Technology was found to be the biggest obstacle for the industry in meeting changing customer needs
More than half (68%) of motor insurers believe that pay-by-mile insurance pricing will become a standard model within four years, according to a new report published today by technology platform By Bits.
The report, A Customer-First Future for Motor Insurance, explores the changing relationship between motor insurance and drivers.
This research, which polled UK 102 senior decision makers in insurance and brokerages, including chief executives and managing directors brokers, revealed that 84% of insurers believe this shift towards a pay-by-mile pricing model represents a growth opportunity for organisations, while 91% said this change is positive for the sector.
Furthermore, 81% of insurers think that offering pay-by-mile or usage-based insurance pricing could improve its reputation with customers and 78% feel that it will provide a platform for ongoing and meaningful engagement with customers.
Callum Rimmer, founder of By Bits, said: “The message from the research is loud and clear – there is a real opportunity for insurers to differentiate in the market by offering great experiences and fairer, transparent pricing.
“By focusing on what the customer is clearly asking for, insurers will see commercial benefits through improved retention and customer lifetime value, while simultaneously extricating themselves from the race to the bottom on pricing.”
By Bits is a spin-off business from motor insurance insurtech and broker By Miles, which co-founded the platform in January 2021.
Call for fairer pricing
According to the report, almost all (97%) customers of motor insurers have been calling for fairer pricing based on usage or mileage during lockdown, while 87% claim that customers have tried to cancel policies due to drastically reduced mileage.
This is further supported by the findings of a separate consumer study by the insurtech on changing customer needs. In this, By Bits highlighted that more than half (62%) of drivers think they will drive less over the next five years in comparison to the previous five years.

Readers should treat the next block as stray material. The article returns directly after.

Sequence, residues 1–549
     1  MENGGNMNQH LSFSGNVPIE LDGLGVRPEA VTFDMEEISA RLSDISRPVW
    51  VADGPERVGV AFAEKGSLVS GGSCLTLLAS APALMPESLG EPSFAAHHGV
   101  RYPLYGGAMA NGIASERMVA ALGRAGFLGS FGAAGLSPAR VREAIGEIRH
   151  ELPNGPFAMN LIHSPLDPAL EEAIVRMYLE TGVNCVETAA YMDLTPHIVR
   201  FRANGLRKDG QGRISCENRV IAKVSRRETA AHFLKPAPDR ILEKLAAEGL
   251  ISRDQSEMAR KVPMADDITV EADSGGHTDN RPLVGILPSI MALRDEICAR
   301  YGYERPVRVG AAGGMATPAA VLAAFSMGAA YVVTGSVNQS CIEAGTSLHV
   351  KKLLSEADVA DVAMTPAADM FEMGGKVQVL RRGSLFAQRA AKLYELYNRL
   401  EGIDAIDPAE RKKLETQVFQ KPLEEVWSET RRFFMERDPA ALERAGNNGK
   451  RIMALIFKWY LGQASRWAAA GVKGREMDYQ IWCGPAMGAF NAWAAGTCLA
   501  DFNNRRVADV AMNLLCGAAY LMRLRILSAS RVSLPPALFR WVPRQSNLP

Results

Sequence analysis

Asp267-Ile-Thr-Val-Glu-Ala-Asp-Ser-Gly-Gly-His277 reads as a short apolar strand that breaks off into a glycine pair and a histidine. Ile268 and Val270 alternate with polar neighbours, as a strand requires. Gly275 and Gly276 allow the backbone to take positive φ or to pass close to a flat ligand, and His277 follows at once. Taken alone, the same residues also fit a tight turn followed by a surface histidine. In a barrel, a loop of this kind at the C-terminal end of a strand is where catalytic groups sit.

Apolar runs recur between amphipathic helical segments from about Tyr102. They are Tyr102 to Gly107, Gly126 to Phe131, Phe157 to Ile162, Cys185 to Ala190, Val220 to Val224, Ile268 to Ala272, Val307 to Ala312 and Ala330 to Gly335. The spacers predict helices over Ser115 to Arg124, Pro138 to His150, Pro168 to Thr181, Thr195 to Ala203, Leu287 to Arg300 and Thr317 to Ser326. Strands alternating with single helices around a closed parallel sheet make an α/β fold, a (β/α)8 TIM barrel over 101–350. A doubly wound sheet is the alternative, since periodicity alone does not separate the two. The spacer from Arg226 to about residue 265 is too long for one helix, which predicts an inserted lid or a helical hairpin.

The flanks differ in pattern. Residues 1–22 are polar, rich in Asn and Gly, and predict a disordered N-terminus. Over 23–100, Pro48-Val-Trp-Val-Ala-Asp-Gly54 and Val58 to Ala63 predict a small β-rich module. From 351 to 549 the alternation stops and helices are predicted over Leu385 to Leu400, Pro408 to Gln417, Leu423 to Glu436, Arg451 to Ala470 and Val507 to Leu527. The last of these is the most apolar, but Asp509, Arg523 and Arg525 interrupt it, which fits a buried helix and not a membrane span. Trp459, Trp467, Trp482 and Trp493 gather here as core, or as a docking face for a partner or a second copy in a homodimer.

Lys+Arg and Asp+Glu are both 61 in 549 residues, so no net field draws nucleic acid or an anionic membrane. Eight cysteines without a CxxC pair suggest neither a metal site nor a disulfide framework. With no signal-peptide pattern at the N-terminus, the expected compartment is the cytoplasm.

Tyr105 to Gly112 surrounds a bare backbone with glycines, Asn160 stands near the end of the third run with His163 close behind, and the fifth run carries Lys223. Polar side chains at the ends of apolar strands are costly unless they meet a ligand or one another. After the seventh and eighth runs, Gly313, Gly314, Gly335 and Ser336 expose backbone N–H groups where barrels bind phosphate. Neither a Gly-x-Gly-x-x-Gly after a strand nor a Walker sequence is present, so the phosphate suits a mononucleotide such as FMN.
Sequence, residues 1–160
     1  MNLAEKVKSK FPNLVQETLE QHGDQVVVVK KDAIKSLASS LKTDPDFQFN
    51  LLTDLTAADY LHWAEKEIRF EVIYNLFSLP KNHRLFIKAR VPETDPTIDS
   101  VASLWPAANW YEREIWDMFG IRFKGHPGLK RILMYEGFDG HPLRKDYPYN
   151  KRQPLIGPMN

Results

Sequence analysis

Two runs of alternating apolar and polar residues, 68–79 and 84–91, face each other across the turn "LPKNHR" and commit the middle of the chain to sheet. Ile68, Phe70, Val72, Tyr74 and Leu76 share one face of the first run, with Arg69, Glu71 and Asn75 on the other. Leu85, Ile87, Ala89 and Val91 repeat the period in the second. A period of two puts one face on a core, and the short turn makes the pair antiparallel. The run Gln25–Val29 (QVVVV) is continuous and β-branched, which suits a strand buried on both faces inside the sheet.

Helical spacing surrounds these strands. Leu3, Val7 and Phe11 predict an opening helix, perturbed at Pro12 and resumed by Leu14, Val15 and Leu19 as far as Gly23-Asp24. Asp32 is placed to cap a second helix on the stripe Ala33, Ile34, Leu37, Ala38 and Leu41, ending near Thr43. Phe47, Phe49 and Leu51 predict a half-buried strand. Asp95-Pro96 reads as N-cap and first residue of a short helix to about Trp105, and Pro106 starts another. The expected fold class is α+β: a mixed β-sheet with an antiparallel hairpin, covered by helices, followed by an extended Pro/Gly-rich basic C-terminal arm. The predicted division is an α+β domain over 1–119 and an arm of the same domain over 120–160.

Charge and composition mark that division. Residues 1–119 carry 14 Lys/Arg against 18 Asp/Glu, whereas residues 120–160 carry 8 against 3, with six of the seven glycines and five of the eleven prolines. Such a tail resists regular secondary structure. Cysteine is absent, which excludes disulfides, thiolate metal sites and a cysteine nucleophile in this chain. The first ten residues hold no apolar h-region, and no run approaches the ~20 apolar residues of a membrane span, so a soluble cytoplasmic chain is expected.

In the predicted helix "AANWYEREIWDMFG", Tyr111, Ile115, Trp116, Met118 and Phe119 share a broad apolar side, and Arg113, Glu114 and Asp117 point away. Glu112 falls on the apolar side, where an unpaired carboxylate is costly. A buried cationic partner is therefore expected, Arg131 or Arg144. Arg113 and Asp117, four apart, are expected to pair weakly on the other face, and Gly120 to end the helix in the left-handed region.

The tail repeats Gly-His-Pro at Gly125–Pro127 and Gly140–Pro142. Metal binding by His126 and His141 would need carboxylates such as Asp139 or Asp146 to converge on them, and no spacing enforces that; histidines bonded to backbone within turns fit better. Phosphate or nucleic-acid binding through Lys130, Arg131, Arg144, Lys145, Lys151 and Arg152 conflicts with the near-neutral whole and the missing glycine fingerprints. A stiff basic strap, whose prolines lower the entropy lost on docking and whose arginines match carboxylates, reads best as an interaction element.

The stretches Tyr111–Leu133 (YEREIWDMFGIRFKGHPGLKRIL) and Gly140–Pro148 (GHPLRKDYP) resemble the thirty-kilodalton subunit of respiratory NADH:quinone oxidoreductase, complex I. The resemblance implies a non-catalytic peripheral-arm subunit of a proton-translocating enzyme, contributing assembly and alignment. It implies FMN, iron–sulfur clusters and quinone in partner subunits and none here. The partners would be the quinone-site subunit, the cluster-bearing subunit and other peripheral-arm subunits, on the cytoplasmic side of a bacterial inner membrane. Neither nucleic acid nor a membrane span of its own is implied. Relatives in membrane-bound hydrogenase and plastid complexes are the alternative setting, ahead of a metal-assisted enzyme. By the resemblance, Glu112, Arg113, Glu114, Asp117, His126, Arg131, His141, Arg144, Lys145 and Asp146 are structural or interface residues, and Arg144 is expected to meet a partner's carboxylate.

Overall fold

Rimmer continued: “While other segments of the financial services industry, such as retail banking, have embraced new business models and innovated, the same cannot be said of motor insurance. But the shift to usage-based insurance represents an opportunity to reset.
“It provides a platform for insurers to reinvent their go-to market strategies and to make fundamental and necessary choices about how they serve customers in the future, not just in terms of fair and transparent pricing, but in delivering the open dialogue and engaging experiences that drivers are so desperately seeking.”
However, the report surveying insurers stressed that one of the biggest challenges preventing the industry from meeting evolving customer demands is technology and digital transformation.
It revealed that 32% of insurers are concerned that their existing software stack will be unable to support usage-based insurance products.
Meanwhile, 80% of motor insurers said that delivering digital transformation has been a challenge over the past 12 months. Keeping up with the competition here has also been a challenge, with 79% of insurers reporting this as problematic.
Demonstrating this, only one-fifth (20%) of insurer respondents have made any changes to their motor insurance pricing models over the last 12 months.